What to do over the summer as a rising senior in high school

college admissions

Happy summer, rising seniors! I hope you are taking some time to enjoy yourselves. I'm here to tell you that you do not need to work on your college applications each day to have a successful college process. This is a great time to continue the slow and steady work you have already begun, but it is also important that you find time to rest and recharge over the summer before your senior year begins.

Continue to work toward a thoughtful and purposeful college process by tackling some of these items this summer:

1. Read a book! (Or 8!)

You will likely be asked in an upcoming college admissions interview to talk about things you have read and enjoyed (not for school). Some schools even ask about non-school reading in a supplemental essay. Start this summer by finding some great books. Wondering where to begin? How about this list? Or this one?

2. Consider your admissibility: Likely, Target, Reach, Unlikely

Now is a good time to start to consider your admissibility at the schools on your list. Admissibility is the likelihood that you will be admitted to the college. There are several ways to think about this. Here are a few that might help:

  • Using the scattergram in Naviance/SCOIR for students from your high school, where do your GPA and SAT/ACT scores fall in relation to other admitted students? Are you well above these? (Likely); Close but above these? (Target); Just under? (Reach); Well below? (Unlikely). Keep in mind that highly selective schools reject many students with perfect testing who are at the top of their graduating classes. Unlikely for you often means unlikely for everyone.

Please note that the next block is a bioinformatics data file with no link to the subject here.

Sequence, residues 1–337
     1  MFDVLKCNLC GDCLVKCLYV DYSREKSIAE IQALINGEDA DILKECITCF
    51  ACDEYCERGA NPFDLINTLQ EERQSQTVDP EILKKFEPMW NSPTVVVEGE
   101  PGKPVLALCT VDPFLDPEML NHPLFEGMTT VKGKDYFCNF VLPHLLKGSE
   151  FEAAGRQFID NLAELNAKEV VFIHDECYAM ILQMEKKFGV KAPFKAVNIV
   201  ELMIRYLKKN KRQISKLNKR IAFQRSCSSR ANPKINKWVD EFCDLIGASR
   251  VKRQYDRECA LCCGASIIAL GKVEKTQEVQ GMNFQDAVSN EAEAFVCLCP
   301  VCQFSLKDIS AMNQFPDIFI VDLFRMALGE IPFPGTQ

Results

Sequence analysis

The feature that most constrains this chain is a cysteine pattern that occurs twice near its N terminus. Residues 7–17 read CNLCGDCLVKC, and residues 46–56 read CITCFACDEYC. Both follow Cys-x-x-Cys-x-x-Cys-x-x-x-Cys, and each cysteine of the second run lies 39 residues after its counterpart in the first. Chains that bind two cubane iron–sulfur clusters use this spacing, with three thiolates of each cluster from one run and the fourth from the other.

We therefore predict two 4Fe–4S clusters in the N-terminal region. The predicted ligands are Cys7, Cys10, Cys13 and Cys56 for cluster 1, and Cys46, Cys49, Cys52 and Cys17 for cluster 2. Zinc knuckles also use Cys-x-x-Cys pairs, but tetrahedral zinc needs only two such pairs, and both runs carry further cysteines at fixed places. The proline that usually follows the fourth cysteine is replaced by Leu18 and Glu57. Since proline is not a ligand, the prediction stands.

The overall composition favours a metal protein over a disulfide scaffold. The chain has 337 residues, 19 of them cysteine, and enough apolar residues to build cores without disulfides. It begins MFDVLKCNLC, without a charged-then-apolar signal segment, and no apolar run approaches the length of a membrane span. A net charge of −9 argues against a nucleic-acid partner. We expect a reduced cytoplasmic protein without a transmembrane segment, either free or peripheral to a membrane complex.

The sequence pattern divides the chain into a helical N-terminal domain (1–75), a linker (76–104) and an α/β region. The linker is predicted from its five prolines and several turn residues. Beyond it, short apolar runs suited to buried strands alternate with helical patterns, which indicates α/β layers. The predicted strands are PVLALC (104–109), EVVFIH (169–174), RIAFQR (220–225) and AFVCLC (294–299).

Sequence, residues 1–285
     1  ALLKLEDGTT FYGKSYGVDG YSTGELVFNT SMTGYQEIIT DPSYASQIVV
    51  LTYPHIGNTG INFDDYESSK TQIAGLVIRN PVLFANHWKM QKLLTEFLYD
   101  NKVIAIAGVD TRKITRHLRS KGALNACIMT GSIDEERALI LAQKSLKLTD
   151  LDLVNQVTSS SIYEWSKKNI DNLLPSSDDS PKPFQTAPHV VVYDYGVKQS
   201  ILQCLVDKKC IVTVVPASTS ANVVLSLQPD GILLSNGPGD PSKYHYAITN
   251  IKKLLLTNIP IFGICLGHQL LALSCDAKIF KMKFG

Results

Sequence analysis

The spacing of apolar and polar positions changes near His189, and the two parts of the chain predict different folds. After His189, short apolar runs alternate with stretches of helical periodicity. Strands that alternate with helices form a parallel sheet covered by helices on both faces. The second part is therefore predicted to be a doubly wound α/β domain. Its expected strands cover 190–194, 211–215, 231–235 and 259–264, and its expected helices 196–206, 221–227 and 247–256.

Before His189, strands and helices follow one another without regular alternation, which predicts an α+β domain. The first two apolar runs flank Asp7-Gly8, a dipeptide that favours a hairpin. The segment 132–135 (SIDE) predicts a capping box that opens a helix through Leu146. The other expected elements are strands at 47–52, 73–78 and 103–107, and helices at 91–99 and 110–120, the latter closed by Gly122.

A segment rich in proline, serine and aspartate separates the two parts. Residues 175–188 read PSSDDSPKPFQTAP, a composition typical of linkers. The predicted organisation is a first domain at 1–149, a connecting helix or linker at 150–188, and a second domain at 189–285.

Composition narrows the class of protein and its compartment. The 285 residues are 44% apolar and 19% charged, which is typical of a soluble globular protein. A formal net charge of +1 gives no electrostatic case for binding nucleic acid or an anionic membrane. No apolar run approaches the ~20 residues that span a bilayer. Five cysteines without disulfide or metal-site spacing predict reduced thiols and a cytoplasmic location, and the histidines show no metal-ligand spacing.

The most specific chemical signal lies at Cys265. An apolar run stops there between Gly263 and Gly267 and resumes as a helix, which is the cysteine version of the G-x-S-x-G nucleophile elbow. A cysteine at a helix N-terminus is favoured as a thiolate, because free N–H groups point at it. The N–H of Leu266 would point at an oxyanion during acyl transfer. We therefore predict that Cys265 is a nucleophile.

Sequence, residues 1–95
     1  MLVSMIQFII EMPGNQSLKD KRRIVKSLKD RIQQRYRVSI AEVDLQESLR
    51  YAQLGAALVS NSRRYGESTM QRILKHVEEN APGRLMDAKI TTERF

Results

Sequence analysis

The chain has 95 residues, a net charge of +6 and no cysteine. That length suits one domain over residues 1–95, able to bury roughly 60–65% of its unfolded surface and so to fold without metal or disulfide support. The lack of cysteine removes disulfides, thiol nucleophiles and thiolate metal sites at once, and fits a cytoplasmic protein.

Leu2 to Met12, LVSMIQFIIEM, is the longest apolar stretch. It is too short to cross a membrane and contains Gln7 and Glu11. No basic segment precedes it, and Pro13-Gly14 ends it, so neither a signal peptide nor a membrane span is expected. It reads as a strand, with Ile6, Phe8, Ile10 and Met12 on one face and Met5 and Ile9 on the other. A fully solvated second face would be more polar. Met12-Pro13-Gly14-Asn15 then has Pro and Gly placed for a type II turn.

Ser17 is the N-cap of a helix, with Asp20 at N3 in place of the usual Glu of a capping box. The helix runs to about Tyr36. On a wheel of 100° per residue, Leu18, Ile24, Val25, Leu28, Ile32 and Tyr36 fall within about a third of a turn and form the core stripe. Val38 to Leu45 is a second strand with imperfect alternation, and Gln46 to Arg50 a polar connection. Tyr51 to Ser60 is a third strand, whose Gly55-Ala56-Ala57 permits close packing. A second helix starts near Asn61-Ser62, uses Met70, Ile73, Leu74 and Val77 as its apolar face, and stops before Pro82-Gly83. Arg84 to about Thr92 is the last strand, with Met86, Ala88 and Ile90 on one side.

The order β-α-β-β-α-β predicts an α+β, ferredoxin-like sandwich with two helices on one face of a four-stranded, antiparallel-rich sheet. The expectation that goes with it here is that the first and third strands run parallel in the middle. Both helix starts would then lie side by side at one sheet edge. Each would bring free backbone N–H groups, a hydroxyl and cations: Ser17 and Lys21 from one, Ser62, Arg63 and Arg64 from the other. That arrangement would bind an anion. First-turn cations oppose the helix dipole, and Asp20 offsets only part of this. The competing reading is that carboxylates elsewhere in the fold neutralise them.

• No scattergrams? Google “average GPA and SAT/ACT for admitted student to ----”


  • Do you have a compelling factor that might tip your admission to a particular school (legacy, athletic recruitment)? Move the school one category up (from reach to target, etc.).

3. Update your spreadsheet

Go back to the Google spreadsheet that you made last month. Now, add two columns to your spreadsheet and fill them in for each school:

  • Likely/Target/Reach/Unlikely for each college

 

  • How you determined the categorization

4. Narrow your list

Using your spreadsheet, try to create a new tab with a narrowed college application list. You should strive for a balance of an equal number of schools in each of the three main categories: Likely, Target, Reach. If you apply to an unlikely school, try to limit it to just one or two. Here are some good rules of thumb:

  • Remember that your categories are your own and will not match anyone else’s. they are due to the personal and individual features that make up your application (and only your application)

  • Your final list should be no longer than 15 (and maybe should be closer to 12)


  • Don’t delete! Copy and paste your list schools into a new tab on the same Google Sheet. Your mind might change; don’t eliminate the hard work you have already done. Just move or color code so it is easier to read.

5. Get started on your short answer statements

Have you switched high schools or taken any time away from school (for any reason)? Take the time NOW to write the education explanation statements for the Common Application, 250 words to address the question: “Provide details about the change in progression through secondary/high school that you indicated above," OR, “Provide details about why you left each of the above secondary/high schools.” Edit this statement and make sure it is ready to be pasted into your eventual Common Application.